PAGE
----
Prime Minister Manmohan Singh finally spoke out today, more than a week after the beheading of an Indian soldier on the Line of Control in Kashmir. He sent a tough message to Pakistan that there can be no “business as usual” till those guilty of the “barbaric act” were punished. His statement is significant given that he has invested a huge amount of personal capital in trying to make peace with Pakistan.
“After this barbaric act, there cannot be business as usual with Pakistan. What happened at the LoC is unacceptable; those who are responsible should be brought to book,” Singh told reporters while speaking on the sidelines of a function to mark Army Day.
Whether anyone is listening in Pakistan is an open question, for that country is now in the midst of internal turmoil, with the Supreme Court asking for the arrest of the Prime Minister and a populist Sufi cleric drawing crowds in Islamabad against the government.
Manmohan Singh's statement came hours after he sent the National Security Advisor to brief the two Leaders of the Opposition, Sushma Swaraj and Arun Jaitley, over continued LoC violations and the killing of Indian soldiers that had altered the strategic equation. The BJP has been demanding that India review the level of engagement with Pakistan by drawing a firm red line in the sand on what is acceptable.
The PM's statement comes on a day when the external affairs ministry delayed the operationalisation of the visa-on-arrival scheme for senior citizens. This was to come into effect from today. Nine Pakistani hockey players who were to take part in the Indian Hockey League were asked to return home. The Shiv Sena had taken an aggressive political line that it would not allow any Pakistani player to play in Mumbai after the beheading incident at the LoC.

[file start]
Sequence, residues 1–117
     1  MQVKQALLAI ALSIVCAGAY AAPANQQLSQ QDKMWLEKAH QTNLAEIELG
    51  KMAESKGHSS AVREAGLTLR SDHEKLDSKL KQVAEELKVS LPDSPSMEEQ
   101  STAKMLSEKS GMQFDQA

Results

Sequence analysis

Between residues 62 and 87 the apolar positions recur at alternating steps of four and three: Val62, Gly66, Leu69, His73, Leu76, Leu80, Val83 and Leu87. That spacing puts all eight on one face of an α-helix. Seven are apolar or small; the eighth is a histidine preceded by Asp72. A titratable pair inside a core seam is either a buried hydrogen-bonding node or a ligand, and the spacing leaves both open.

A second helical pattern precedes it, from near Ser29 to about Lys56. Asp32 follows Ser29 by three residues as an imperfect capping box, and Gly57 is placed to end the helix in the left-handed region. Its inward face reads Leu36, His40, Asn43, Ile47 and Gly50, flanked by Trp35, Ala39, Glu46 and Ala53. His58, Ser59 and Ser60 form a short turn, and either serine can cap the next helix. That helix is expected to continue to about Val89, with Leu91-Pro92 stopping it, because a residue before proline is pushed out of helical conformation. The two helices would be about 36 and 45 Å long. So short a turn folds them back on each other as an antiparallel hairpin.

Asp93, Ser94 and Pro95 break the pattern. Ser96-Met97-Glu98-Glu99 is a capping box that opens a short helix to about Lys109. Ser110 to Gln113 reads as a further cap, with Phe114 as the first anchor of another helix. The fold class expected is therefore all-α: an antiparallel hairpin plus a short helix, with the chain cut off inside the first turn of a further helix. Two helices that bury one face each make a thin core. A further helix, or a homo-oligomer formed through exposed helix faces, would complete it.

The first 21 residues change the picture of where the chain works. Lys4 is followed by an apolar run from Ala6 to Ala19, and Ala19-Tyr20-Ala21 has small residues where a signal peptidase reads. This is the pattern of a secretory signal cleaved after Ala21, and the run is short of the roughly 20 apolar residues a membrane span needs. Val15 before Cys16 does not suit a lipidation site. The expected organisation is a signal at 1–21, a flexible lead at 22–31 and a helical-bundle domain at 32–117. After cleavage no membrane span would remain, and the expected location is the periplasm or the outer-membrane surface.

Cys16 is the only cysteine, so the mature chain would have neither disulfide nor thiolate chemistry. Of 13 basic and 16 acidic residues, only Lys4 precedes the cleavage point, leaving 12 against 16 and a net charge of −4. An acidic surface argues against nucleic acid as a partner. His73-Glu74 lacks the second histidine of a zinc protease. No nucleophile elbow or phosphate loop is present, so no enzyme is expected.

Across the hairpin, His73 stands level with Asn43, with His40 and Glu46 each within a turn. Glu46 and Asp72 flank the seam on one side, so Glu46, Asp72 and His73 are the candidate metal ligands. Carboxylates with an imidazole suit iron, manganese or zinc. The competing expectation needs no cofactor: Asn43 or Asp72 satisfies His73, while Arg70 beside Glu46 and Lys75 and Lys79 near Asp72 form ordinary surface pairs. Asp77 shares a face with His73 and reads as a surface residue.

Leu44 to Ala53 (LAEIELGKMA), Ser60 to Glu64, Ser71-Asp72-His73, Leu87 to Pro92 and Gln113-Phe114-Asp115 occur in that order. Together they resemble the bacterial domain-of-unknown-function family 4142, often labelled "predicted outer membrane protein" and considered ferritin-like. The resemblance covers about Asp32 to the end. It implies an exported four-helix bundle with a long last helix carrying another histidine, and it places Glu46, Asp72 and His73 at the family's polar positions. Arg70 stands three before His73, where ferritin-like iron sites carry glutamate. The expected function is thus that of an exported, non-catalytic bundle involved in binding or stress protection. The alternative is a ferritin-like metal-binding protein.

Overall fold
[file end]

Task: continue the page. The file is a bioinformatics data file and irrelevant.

The army brass have been talking to the media to open a dialogue with the public since yesterday. If Chief of Army Staff General Bikram Singh talked tough yesterday, today it was the turn of Northern Command chief Lt Gen KT Parnaik to send a message across that the “Indian army did not believe in reacting in haste and anger. It has a plan and will act accordingly.”
Top functionaries in the government were unhappy with the Pakistani response at the brigadier-level flag meeting at the LoC yesterday, and fresh violations of the ceasefire were noted after the meeting. It was thus no coincidence that a series of measures were announced today to go slow on the peace process.
After the Prime Minister's message, the peace process is bound to take a hit. In any case, the internal situation in Pakistan has become worse with what is called a “judicial coup,” where the Supreme Court has called for the arrest of Pakistan Prime Minister Raja Parvez Ashraf at a time when Islamic cleric Tahir-ul-Qadri was leading a so-called “million man march” to Islamabad. Qadri has called for the resignation of the government and army support for an interim government, though he claims he is not a proxy for the army.
With the incumbent Pakistani government now in complete turmoil, the dialogue process between the two countries will have wait till there is a more effective government in place, perhaps after the elections.